From The Conversation
The Federal Reserve makes headlines from New York to Hong Kong anytime it lifts its benchmark interest rate. Rightfully so, as any increase tends to drive up borrowing costs on everything from credit cards to auto loans and mortgages.
There’s a more important factor that determines how much you’ll pay when you borrow money to buy a car or home, and it’s entirely in your hands: it’s the lender you choose. That’s because how much a lender might charge you for a loan can vary dramatically from one to the next. That’s why it pays to shop around.
My research on auto loans shows that most consumers don’t do that, which can cost them hundreds or even thousands of dollars over the life of a loan or lead them to purchase a lower-quality car than initially planned. Fortunately, it’s pretty easy to avoid that.
Most of us shop until we drop for price bargains on clothes, computers or virtually anything else. With the internet, finding the best deal among products and companies is easier than ever.
A recent survey found that 92 percent of consumers are always looking for the best deal when they’re out shopping, while 80 percent said they’re willing to go out of their way to find a bargain.
So you’d think this logic would carry over to the bigger purchases in life. For most Americans, automobiles are the largest- or second-largest household asset they own. And most cars are purchased with the help of an auto loan.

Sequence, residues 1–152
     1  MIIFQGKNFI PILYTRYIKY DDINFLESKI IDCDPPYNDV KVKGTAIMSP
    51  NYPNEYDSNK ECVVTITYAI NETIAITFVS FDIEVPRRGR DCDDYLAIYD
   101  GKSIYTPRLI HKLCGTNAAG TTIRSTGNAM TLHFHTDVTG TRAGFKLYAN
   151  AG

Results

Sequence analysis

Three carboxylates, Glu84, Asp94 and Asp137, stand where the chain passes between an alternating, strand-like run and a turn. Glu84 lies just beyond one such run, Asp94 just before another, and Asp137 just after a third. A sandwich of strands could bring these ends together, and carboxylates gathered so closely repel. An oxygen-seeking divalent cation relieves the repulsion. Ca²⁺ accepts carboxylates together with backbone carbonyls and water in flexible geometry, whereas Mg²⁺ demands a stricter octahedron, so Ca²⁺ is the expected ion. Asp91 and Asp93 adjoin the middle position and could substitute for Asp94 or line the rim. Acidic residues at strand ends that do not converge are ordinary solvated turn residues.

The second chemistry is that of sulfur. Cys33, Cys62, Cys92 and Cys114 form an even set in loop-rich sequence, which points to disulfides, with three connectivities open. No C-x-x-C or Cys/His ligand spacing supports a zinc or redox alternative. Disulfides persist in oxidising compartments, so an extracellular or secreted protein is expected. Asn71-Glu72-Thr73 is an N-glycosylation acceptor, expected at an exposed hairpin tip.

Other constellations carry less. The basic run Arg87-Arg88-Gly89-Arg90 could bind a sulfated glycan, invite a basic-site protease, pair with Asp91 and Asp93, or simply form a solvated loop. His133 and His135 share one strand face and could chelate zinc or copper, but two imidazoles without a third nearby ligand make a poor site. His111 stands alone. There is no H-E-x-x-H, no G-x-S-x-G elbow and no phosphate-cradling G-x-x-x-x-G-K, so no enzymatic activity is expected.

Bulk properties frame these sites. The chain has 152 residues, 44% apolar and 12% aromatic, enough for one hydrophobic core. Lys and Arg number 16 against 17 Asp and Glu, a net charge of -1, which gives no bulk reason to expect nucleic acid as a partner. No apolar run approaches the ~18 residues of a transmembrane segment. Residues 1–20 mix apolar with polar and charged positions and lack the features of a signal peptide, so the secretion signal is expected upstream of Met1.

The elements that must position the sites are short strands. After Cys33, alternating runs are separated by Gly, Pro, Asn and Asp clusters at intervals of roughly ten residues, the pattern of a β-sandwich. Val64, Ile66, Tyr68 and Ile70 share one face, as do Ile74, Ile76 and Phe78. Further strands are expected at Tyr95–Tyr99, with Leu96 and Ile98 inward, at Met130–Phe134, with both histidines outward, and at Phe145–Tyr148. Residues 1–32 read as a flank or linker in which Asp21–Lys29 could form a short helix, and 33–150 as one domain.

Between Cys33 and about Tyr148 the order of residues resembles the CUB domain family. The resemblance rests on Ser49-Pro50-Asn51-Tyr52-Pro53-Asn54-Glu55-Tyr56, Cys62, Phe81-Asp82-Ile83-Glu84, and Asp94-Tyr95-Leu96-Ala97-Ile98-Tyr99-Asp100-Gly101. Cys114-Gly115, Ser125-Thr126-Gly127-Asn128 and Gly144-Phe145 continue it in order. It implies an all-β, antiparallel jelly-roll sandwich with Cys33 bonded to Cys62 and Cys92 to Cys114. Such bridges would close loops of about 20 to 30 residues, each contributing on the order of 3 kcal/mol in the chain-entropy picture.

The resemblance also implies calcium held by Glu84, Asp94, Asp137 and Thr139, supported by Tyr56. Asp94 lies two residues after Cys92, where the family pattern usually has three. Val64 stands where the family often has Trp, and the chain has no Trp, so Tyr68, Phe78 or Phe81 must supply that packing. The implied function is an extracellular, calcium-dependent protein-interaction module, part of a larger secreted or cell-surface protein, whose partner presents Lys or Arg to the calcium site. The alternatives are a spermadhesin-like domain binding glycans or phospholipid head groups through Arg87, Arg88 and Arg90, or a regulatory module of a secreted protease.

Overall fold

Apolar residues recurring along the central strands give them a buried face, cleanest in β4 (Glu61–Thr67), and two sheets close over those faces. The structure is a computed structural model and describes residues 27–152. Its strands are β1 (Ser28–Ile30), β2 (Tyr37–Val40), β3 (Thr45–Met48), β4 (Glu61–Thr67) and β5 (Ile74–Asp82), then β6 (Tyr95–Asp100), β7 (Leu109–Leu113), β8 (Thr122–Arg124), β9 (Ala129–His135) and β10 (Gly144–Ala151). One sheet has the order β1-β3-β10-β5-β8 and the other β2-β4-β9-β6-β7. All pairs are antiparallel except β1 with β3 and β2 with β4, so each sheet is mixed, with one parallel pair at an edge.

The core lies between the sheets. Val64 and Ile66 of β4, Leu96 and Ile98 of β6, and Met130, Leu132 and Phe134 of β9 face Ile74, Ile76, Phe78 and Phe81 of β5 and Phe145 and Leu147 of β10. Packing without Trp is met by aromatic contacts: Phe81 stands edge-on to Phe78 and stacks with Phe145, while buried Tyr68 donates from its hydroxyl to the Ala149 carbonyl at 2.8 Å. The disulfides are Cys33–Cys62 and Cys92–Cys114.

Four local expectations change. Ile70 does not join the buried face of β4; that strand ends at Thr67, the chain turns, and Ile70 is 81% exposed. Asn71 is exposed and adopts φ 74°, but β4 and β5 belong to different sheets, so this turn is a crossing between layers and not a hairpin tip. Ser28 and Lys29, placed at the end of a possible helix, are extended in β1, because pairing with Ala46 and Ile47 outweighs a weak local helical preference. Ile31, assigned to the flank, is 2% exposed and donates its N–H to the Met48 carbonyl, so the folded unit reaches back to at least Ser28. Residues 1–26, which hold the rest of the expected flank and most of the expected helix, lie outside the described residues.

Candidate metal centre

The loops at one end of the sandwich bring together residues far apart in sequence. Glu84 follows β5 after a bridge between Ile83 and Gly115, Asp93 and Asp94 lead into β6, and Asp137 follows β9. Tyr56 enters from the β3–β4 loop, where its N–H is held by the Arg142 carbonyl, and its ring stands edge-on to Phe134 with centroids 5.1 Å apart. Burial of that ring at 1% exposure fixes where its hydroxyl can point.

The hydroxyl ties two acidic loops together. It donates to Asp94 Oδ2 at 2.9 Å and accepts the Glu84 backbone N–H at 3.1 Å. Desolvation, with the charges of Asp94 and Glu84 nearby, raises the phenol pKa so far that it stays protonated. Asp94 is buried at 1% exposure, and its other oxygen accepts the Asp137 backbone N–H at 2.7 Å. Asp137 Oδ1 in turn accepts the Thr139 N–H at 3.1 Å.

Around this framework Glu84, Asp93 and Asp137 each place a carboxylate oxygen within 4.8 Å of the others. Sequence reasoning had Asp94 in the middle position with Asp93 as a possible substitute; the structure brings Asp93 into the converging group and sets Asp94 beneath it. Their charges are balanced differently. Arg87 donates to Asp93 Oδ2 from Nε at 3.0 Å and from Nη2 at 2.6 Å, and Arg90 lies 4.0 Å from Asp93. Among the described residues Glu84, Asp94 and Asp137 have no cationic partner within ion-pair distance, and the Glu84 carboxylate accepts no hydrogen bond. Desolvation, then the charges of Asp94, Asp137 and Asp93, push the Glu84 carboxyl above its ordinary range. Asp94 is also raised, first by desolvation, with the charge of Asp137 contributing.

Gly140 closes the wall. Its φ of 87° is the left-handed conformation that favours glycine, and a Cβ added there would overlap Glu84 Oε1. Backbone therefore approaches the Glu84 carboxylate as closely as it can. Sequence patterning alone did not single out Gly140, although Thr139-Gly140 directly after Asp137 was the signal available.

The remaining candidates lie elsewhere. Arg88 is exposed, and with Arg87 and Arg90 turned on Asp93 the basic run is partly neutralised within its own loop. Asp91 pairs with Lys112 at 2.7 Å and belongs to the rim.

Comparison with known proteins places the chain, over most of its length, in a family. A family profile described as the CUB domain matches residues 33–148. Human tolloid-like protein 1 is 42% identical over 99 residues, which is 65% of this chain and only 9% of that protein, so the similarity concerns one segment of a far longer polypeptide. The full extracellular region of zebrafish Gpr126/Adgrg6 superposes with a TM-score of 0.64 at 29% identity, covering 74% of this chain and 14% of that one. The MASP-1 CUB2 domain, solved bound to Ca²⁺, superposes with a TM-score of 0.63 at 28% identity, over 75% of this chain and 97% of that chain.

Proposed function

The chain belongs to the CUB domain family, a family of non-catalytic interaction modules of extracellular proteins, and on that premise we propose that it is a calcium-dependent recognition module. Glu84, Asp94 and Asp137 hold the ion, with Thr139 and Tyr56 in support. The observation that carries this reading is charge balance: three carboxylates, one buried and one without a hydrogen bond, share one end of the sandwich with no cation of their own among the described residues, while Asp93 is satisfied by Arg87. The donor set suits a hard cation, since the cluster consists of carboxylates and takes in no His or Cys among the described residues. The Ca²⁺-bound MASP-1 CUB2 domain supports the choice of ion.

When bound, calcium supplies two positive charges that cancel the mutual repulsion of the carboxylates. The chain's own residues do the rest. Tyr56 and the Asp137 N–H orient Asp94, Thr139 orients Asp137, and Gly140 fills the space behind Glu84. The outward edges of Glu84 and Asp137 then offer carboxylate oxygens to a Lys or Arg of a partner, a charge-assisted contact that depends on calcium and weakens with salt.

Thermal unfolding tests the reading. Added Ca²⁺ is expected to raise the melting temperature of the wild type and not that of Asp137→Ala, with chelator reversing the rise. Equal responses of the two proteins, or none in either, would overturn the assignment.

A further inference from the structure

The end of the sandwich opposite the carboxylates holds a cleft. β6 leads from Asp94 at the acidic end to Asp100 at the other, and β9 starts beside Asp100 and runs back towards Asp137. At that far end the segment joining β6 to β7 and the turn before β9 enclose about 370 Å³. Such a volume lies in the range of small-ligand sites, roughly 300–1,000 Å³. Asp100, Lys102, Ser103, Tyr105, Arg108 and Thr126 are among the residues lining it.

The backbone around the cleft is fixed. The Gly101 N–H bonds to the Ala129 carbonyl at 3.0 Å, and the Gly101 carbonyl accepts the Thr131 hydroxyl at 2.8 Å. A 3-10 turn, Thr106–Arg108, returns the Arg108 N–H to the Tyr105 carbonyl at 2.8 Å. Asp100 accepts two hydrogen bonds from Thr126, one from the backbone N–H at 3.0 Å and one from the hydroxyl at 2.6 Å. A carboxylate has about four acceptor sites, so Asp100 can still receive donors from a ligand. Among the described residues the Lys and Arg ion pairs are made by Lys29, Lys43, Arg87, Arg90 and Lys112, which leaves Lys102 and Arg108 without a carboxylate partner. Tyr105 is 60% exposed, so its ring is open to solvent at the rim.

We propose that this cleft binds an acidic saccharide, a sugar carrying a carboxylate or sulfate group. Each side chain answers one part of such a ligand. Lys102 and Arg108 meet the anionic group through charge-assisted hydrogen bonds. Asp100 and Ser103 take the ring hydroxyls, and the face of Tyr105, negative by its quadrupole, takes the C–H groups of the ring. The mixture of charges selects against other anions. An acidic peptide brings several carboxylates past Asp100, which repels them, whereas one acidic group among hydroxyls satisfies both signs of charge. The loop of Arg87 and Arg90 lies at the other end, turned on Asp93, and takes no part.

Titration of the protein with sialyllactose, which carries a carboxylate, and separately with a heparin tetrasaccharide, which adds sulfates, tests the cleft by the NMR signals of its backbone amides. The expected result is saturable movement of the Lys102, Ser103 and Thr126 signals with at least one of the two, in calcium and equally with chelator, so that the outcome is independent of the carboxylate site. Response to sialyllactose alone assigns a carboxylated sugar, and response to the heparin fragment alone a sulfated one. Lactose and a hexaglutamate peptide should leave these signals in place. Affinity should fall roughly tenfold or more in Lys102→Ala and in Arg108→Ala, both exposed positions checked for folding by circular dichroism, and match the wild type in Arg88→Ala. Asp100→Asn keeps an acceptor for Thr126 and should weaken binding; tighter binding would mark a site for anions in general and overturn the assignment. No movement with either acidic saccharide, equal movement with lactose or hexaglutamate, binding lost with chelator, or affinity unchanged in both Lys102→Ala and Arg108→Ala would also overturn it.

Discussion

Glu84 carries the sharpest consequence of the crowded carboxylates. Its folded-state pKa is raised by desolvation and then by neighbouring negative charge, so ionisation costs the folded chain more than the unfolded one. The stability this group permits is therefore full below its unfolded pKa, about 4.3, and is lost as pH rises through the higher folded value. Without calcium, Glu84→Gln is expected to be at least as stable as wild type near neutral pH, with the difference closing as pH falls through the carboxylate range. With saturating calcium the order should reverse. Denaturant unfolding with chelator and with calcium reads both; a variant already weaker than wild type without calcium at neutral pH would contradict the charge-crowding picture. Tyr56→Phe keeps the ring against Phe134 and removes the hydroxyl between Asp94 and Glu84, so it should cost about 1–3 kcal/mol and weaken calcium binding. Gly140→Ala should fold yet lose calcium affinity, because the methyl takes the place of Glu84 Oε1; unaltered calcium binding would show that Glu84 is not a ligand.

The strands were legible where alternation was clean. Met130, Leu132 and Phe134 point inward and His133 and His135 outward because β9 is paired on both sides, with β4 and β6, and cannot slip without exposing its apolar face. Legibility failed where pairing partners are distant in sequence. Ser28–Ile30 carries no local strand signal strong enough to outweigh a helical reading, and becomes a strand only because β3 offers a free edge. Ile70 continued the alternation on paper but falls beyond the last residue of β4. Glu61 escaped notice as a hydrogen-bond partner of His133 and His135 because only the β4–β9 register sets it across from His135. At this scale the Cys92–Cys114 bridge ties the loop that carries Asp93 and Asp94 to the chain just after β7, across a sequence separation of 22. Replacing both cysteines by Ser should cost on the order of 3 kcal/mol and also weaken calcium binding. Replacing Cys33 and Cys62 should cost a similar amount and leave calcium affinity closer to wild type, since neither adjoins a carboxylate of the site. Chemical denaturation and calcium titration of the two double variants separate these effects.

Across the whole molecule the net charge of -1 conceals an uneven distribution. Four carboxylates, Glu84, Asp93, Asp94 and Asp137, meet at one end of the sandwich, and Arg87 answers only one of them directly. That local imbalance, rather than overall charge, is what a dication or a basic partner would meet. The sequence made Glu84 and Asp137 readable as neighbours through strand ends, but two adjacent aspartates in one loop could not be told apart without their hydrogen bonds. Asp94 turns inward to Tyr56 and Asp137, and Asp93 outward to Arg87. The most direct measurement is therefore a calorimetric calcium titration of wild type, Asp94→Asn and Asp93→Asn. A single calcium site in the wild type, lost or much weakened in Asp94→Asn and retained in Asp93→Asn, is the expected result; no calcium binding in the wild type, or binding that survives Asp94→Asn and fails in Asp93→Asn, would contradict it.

And yet, while people often work hard to find the best possible deal on the price of a car, surprisingly most fail to shop around at all for interest rate bargains. Research shows this behavior isn’t limited to just auto loans – most people don’t shop around when taking out a mortgage or a personal loan.
And that’s even though financing costs for a typical loan can make up a significant proportion of the total cost of buying a car. For example, let’s assume you’re buying a US$25,000 car and financing the entire purchase. A $25,000 loan at a 4 percent rate would cost you $2,600 in interest over its life, adding more than 10 percent to the true price of the car.
Read the full post at The Conversation
Christopher Palmer is an Assistant Professor of Finance at the MIT Sloan School of Management where he teaches corporate finance.